If you look up treatments for digestive problems you will often find that digestive enzymes are one of the top 2 or 3 recommendations to help you treat your digestive issues. But do we really need them, doesn’t our body make enough digestive enzymes by itself?
Like with most questions relating to health there is no one size fits all and who needs digestive enzymes is going to vary from person to person, and just because you may need them now does not mean that you will need them forever.
The food that we eat needs to be broken down into nutrients that we can absorb and this is partly the responsibility of the digestive enzymes. If you eat a delicious salmon with a variety of salad greens then this meal needs to be broken down into amino acids, fatty acids, cholesterol, simple sugars like glucose, vitamins, minerals and phytonutrients which can be absorbed in your small intestine.
We eat food but we absorb nutrients!
The process of absorption starts in the mouth when we chew our food (ideally very well), continues in the stomach where it is important to have enough stomach acid and pepsin to break down the food, so that the nutrients can be absorbed in the small intestine.
The next step is the pancreas releases digestive enzymes into the small intestine, this will include proteases to break down protein into amino acids, lipase to break down fats into fatty acids and amylase to break down carbohydrates into simple sugars like glucose and fructose.
Major causes of low digestive enzymes can be serous conditions like pancreatitis, celiac disease and Crohn’s disease, these can all lead to a major problem with your digestive enzymes and absorption of nutrients, but there are many other more common reasons to have low digestive enzymes.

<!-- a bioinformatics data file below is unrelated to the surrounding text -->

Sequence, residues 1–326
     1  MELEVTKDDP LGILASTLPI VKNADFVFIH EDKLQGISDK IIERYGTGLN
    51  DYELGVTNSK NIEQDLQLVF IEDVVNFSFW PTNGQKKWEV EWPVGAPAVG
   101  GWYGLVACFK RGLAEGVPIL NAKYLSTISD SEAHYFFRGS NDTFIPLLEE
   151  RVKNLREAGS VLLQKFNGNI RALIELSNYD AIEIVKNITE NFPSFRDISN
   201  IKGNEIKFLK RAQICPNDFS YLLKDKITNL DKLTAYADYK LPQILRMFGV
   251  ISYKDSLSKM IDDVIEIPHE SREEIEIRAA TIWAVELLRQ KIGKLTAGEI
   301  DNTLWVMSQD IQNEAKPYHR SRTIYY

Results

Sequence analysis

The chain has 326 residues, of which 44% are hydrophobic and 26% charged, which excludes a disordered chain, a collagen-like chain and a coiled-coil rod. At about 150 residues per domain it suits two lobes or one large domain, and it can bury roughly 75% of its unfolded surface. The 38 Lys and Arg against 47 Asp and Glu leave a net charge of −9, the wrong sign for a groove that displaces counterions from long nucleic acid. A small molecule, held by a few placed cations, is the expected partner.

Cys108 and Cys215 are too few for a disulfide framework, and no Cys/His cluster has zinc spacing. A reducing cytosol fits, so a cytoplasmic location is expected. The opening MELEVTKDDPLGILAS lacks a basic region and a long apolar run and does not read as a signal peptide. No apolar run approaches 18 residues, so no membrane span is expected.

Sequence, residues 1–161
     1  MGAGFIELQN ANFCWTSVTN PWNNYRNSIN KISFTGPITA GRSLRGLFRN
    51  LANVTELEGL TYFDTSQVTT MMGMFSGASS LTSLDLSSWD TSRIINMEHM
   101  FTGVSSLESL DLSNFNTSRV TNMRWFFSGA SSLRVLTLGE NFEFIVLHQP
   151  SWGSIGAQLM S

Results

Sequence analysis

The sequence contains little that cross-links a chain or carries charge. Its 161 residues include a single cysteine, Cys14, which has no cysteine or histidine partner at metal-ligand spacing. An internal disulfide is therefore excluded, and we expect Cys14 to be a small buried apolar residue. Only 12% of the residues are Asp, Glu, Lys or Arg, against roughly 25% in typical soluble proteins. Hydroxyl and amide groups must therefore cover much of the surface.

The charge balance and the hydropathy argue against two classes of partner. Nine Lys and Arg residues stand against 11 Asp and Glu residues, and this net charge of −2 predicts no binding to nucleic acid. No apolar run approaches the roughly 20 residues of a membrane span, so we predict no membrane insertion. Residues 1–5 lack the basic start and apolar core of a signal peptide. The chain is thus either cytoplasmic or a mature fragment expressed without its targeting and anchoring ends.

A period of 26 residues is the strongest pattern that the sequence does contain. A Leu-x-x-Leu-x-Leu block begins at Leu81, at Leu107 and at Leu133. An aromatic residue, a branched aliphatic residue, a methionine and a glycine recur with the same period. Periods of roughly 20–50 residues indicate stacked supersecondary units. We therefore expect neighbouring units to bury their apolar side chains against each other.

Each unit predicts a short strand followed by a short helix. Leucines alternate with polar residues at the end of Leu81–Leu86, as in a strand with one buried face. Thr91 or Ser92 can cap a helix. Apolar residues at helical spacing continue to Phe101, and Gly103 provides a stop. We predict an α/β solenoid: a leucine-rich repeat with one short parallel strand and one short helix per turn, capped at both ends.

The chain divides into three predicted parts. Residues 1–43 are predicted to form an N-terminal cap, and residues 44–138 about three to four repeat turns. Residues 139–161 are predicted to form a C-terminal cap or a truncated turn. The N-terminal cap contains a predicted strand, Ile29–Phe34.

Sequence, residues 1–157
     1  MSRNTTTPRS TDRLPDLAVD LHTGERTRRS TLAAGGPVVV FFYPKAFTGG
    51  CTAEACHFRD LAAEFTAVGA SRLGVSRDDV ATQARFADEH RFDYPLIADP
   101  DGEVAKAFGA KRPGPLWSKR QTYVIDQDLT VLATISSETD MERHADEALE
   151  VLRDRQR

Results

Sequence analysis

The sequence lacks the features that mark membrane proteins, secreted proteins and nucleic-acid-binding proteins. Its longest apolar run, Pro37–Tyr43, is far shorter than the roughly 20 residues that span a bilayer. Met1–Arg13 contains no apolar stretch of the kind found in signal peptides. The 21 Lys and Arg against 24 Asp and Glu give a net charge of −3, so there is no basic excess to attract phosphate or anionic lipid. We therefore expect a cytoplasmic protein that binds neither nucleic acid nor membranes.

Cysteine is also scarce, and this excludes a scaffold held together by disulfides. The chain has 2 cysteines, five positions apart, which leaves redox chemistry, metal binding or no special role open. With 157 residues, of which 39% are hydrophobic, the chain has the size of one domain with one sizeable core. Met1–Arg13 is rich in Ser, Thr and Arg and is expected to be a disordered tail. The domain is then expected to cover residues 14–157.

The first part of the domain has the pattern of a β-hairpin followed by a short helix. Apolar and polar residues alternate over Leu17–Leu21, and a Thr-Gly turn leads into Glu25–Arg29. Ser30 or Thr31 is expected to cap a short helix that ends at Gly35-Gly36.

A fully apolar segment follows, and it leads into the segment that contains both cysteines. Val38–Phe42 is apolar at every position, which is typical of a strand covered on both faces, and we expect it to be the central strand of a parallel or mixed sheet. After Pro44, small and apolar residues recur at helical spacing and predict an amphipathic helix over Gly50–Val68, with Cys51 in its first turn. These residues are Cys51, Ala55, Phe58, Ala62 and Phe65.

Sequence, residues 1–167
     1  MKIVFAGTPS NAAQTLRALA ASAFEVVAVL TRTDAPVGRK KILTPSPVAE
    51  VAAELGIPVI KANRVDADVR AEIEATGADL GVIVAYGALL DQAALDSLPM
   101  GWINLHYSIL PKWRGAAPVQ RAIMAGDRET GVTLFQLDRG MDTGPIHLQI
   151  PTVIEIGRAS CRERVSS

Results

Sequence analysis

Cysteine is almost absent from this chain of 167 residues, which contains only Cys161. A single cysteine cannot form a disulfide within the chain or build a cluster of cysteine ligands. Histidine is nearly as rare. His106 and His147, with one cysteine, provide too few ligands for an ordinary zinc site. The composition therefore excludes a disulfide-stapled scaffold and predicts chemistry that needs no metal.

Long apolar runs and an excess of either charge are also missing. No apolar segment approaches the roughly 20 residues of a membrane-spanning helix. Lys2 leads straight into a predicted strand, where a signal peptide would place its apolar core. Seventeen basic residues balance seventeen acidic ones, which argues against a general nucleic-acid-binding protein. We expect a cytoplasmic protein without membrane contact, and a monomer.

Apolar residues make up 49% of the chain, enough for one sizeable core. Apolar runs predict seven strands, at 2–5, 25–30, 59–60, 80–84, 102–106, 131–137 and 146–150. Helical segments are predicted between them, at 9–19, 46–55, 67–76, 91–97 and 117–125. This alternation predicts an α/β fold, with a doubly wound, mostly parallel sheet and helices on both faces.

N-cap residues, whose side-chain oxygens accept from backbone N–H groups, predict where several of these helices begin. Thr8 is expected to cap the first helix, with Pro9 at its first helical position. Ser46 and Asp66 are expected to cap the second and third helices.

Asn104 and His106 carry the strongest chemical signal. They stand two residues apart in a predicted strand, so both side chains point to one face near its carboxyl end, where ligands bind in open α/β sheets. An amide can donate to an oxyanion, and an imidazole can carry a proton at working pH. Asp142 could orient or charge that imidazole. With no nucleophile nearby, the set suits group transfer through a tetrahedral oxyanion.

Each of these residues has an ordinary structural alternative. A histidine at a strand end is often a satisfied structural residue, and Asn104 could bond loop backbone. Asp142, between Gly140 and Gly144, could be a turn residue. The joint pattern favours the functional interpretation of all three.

Common cause of low digestive enzymes which leads to poor absorption of the nutrients that you are eating can include stress and inflammation, and even as we age our digestive enzyme levels decrease.
There are many different symptoms caused by low digestive enzymes, and it is possible to have issues absorbing nutrients due to low digestive enzymes but not experience digestive symptoms.
One option if you suspect that you may have low digestive enzymes is to supplement with digestive enzymes and see if your symptoms improve, however this may not address the underlying cause of why you have low digestive enzymes.
The best way to test how much pancreatic digestive enzymes you are producing is with a comprehensive stool analysis, this will measure your levels of pancreatic elastase so that you will know whether you need to supplement with digestive enzymes or if your symptoms are caused by other factors.
Another advantage in doing a CDSA or G.I Map stool test is that you will be able to identify other factors like bacterial infections, parasites, candida and inflammation that maybe the underlying cause behind your low digestive enzymes!
Testing helps to take out the guesswork and will help with long term health improvement.
While supplements will help to provide the necessary digestive enzymes there are other diet and lifestyle changes that can be made to help stimulate your own body’s production of digestive enzymes.